The production of ready-to-eat meat alternatives is currently on the rise, due to societal lifestyle trends, including flexitarianism, vegetarianism, and veganism. They usually consist of either processed meat substitutes that have been derived from plants or edible insects, depending on the market niche. Since the market relevance of such products has only recently become of importance, little is known about their associated microbial communities. The latter are nevertheless important because of their potential role in spoilage and food safety. In this study, several ready-to-eat meat alternatives in the Belgian market were analysed (including 8 vegetarian and 6 vegan imitations of meat products as well as one insect sample). Bacterial counts were relatively low compared to meat products, ranging from <2.0 to 8.7 log cfu g−1, with differences between the various products. The bacterial load on the edible insect sample was generally higher than those on vegan and vegetarian products. In total, 426 isolates were collected from different selective agar media and classified and identified using (GTG)5-PCR fingerprinting, followed by gene sequencing. Isolates retrieved from the vegetarian products consisted mostly of Lactobacillus sakei. The majority of the isolates originating from the vegan products also belonged to the species Lb. sakei, Enterococcus faecium, and Carnobacterium divergens, whereas the insect product mainly contained E. faecium, besides the presence of Macrococcus caseolyticus and Cronobacter sakazakii. The occasional presence of relatively high levels of enterococci merits attention in view of food safety.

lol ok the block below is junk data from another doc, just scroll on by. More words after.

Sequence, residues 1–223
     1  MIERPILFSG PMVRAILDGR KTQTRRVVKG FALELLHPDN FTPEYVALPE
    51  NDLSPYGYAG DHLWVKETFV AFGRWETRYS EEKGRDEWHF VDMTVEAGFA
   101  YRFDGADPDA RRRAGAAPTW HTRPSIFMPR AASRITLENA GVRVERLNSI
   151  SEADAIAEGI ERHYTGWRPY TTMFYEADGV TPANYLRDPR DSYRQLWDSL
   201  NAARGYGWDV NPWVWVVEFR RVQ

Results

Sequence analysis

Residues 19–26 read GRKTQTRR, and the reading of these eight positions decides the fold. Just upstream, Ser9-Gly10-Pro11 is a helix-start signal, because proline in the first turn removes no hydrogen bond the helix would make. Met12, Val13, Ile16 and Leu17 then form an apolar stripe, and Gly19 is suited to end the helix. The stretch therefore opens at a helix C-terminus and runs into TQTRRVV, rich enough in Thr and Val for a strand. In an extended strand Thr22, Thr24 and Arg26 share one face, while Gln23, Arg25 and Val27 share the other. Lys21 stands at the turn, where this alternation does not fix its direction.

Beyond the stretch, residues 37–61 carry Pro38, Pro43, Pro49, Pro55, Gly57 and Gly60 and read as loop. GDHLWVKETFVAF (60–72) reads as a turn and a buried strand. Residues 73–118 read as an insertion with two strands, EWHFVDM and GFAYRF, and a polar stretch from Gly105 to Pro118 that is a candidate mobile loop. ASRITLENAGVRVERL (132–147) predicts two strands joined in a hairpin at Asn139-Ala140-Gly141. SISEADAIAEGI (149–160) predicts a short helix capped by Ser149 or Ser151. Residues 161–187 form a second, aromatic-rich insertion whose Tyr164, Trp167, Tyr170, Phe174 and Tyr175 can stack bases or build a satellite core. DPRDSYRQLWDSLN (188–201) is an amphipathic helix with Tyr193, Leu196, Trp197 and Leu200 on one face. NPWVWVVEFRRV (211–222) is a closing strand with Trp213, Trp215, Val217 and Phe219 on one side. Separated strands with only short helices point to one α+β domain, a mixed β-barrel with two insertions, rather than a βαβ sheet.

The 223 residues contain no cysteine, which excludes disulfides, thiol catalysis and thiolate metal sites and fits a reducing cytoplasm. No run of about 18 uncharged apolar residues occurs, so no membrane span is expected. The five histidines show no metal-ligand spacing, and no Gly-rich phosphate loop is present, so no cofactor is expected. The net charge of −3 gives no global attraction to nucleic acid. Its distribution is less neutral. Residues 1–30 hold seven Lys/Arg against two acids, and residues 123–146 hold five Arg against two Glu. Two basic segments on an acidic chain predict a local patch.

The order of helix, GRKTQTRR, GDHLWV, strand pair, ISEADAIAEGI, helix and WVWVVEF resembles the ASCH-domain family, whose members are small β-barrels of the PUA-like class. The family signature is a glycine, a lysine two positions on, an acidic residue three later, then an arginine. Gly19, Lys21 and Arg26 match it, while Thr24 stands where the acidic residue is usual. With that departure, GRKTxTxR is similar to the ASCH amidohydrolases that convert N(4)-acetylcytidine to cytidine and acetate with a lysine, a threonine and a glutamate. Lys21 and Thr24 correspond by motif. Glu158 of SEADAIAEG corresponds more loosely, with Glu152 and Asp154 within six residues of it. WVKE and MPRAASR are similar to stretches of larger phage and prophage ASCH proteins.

|Number of pages||7|
|Publication status||Published - Oct 2020|
- Meat alternatives
- Lactic acid bacteria